Although we’d read gluten takes about 6 months to get out of the system, our son started talking again within five days of starting the restricted diet, going from 7, barely intelligible words to a vocabulary of more than 300 words within two weeks. His eye contact returned within days and both twins slept through the night for the first time since age one, so the diet not only saved the kids, it saved us as parents as well. Nothing else we were doing at the time was new other than the GF/CF and soy-free diet and there were many witnesses to the transformation who all became convinced that autism is an environmental condition and have protected their children accordingly.

    Eventually we learned that a different type of milk might be more tolerable for the kids (A2 beta casein dairy as opposed to most commercial milk which is A1) and so the kids are back to consuming just this one type of dairy. But the gluten-free and soy-free diet has been working very well for six years and the children are recovering in leaps and bounds. Unfortunately we know instantly whether the twins have had a “food infraction”– they’re still a bit gut busted and recovery takes years– but it’s gotten easier to maintain the diet with all the great products available.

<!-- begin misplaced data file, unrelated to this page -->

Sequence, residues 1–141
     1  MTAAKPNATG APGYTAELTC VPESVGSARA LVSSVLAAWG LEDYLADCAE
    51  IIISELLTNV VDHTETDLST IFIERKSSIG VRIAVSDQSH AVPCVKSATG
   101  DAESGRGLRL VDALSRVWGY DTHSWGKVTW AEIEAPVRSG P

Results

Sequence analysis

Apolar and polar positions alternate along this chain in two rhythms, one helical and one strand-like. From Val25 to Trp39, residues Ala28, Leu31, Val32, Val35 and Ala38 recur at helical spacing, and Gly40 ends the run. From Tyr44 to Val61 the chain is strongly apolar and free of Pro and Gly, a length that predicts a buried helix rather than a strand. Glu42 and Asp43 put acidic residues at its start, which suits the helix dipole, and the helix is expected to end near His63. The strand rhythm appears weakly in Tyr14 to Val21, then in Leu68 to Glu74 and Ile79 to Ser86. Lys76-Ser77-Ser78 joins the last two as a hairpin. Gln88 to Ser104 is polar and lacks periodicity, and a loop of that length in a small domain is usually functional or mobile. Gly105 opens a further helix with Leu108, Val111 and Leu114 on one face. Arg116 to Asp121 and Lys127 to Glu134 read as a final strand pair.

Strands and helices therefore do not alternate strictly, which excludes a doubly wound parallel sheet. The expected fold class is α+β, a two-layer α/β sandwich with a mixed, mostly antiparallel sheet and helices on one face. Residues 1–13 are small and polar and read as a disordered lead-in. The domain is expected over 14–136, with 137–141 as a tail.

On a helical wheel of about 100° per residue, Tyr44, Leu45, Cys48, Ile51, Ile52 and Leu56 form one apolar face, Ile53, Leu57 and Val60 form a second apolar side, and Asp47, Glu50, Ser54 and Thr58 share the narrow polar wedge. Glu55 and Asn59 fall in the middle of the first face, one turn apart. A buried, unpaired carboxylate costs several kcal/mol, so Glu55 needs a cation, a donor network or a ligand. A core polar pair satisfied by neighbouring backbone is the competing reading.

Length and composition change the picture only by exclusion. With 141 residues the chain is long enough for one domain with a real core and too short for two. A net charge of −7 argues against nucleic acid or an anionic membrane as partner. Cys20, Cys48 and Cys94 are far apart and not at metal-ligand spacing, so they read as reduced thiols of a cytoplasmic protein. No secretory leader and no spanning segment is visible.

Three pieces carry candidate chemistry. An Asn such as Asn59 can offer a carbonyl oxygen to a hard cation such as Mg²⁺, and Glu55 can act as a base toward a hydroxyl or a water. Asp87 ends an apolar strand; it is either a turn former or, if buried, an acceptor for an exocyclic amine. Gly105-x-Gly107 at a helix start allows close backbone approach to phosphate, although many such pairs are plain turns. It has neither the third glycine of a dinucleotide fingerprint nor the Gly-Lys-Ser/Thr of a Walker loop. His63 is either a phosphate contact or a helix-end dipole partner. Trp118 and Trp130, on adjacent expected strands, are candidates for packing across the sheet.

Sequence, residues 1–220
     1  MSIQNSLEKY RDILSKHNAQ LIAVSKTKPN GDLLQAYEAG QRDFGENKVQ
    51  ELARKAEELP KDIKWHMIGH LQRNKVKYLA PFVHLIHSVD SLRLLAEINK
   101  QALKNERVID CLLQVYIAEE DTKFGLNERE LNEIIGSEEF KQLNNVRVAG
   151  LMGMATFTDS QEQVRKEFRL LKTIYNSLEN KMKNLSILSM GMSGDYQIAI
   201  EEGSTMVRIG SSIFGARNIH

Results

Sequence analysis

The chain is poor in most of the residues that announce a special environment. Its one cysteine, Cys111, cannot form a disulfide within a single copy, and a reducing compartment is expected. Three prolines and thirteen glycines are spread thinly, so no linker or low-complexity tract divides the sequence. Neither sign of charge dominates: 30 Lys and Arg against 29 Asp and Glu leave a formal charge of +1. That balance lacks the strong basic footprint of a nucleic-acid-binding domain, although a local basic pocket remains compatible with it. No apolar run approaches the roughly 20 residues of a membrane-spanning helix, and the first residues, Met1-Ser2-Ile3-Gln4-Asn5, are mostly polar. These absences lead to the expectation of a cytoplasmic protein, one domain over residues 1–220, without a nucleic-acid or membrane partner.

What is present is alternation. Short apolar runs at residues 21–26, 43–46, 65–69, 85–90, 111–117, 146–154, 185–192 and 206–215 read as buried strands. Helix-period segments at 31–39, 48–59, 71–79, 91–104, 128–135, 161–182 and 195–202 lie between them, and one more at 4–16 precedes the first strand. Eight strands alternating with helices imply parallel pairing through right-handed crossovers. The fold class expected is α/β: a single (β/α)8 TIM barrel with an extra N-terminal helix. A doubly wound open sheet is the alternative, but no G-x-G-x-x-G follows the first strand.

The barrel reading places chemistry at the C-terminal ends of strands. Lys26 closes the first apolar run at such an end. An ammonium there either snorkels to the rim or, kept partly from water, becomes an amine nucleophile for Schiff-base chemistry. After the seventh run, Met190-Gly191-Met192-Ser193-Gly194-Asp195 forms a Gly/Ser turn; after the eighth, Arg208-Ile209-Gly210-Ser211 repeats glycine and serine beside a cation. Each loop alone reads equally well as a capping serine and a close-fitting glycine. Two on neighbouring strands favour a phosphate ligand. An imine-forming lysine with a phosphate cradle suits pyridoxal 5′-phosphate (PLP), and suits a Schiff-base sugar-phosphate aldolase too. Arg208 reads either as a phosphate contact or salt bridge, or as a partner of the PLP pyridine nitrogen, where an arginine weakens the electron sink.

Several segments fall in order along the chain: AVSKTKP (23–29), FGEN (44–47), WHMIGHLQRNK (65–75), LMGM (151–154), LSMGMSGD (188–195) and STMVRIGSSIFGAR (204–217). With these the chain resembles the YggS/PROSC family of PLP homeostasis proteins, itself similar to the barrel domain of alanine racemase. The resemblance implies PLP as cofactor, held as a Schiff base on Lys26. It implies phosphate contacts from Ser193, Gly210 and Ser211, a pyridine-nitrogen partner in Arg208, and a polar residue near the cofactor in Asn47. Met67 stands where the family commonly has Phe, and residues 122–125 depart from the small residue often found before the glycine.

13. Kim Rice says:

    Within weeks of implementing an elimination diet for my son, who was diagnosed at two and half years old on the autism spectrum, his vocabulary exploded and he started putting two words together for the first time. Between the diet and therapy intervention, within six months Sammy appeared “typical.” He is now, at six and half years old, been mainstreamed for kindergarten with no assistance. He recently “graduated” from his IEP. My son is in “managed recovery” from autism. There is no doubt in my mind that diet intervention plays a key role in his optimized brain function. I myself lost over sixty pounds and a long list of health issues including depression, anxiety and chronic body pain after removing inflammatory foods such as gluten, dairy, soy, etc.